I talked to colleagues who knew about agents and one name kept coming up. She was the ‘five star’ agent, a real ‘hot shot’. A friend gave me her email address but warned me not to be disappointed if she didn’t get back to me. ‘Everyone wants her’ she said.
Mrs Five Star Everybody Wants Her Hot Shot got back to me in half an hour.
I met with her the next day in a swanky members bar in London. She was lovely. We proceeded to have a conversation that was so ridiculous I thought I was having an outer body experience. She thought it had the makings of a great book and a film too. She knew exactly the woman she wanted to talk to about it in Hollywood and talked me through the ins and outs of International book deals.
I couldn’t believe I was having this discussion and that it was about me. It was one of the best moments in my life. I was so happy I could cry.
As it was, I didn’t cry, I got drunk.
I met my sister and we celebrated with two bottles of red, God knows how many margaritas, washed down with vodka and coke back at her flat. At three in the morning we were singing along to Prince and talking about who would play me in the film (Amy Adams). We mentally decorated the house I’d buy in the Hollywood Hills. I became obsessed with having expensive rugs.
Once again, I had a really clear image of my friends and I sitting by the pool, icy drinks in hand. Then I passed out, fully dressed.
The next day was spent puking. It was the happiest puking I’d ever experienced.
That was four weeks ago and since then I’ve been engaged in epic faffing.
To get a book deal you have to present a document outlining your plans for the book and what will be in each chapter, then you have to send a sample chapter.
As a journalist I write every day but this was different. It was potentially the makings of a book. A real life book! I got stage fright. I over thought every sentence. I wrote stuff then deleted it, wrote then deleted. I drove myself crazy. I drank a lot of wine. I took on journalistic commissions to distract from what I should be doing. I stopped doing this blog.
Finally by the end of last week I was so fed up with myself, I just did it. I’ve been writing for the last five days, pretty solidly, and about four hours ago I sent off my first chapter. The First Chapter of My Book. Possibly. Maybe. Hopefully.
Right now I’m sitting in a coffee shop (of course) trying not to panic.
I’m worried it’s rubbish and that my lovely Five Star Hot Shot will hate it and change her mind. I’m worried that I was getting ahead of myself, that all that confidence and certainty was actually delusion.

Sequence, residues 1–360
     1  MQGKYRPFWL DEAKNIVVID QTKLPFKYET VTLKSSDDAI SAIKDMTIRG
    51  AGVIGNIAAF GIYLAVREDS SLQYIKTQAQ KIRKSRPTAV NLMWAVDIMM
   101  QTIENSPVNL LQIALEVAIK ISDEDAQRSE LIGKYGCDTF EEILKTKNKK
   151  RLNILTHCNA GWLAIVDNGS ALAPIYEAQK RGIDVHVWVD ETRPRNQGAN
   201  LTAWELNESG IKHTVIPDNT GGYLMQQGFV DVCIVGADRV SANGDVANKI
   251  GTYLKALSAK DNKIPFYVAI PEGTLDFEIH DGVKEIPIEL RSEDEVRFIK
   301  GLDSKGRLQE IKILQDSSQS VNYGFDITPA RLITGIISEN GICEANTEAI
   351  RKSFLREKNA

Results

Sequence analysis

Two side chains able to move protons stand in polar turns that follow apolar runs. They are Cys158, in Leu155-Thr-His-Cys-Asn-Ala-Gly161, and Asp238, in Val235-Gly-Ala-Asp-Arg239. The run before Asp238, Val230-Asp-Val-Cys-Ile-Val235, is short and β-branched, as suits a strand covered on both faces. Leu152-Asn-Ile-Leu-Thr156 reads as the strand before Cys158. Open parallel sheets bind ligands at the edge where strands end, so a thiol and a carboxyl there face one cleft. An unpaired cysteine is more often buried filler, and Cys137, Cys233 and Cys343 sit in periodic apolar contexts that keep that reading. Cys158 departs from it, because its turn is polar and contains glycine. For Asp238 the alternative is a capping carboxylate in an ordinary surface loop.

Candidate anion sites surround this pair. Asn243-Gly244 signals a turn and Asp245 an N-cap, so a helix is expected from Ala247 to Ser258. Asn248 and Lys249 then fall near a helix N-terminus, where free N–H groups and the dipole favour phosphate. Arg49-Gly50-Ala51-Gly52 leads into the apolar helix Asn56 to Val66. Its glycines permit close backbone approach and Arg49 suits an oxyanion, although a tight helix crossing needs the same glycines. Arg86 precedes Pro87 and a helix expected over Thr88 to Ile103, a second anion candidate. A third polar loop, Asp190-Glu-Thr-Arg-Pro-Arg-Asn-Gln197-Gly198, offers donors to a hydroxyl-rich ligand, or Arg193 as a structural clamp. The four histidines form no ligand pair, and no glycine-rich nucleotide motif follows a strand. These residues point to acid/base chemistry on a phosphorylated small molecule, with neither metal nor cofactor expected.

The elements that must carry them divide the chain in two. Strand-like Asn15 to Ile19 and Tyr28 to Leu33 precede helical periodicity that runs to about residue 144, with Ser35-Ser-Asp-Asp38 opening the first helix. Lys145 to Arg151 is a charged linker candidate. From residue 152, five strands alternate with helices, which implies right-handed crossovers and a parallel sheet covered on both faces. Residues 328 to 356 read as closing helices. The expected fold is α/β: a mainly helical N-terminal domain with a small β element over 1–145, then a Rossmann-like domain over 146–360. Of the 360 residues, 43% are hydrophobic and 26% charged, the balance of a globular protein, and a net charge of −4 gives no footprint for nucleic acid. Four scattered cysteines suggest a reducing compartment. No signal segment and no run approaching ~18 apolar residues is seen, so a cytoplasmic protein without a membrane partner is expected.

I haven’t shared any of this with you as it was happening because, I suppose, I didn’t want to tempt fate and at this stage it’s nothing but talk – but it all seems very apt with this month’s book being The Secret.
It’s only just occurred to me that, in a way, everything that’s happening to me now is The Secret in action. I wasn’t consciously following the book but for the last few months I’ve been doing what it says: I had a dream, I believed it and amazing things have happened.
The trick now is to keep believing, which is hard.
The truth is it’s very scary to have big dreams. All those thoughts about ‘Who do you think you are?’ come into your head.
Family may, unintentionally, confirm that feeling.
When I told dad about my big hopes he joked that I was like his mother who talked endlessly about what she’d do if she won the lottery. ‘Turns out she’d never even bought a ticket.’ Cheers, dad.
When I told mum that I was hoping for a massive record-breaking book deal (this was before I actually got down to writing the chapter), she said that when I get too big for my boots at least I’ll be able to afford new ones.
I’ve got to admit I deserved that one.
When I asked her if she’d come and visit me in LA. With total seriousness she said, ‘Do you think there’ll be typhoons or earthquakes?’ Ha! At least she’s not ruling it out as a possibility, weather allowing…
Anyway, I’ll keep you posted. Would you keep your fingers, toes and legs crossed for me? You’ll all be invited to the premiere…
In the meantime, a musical interlude: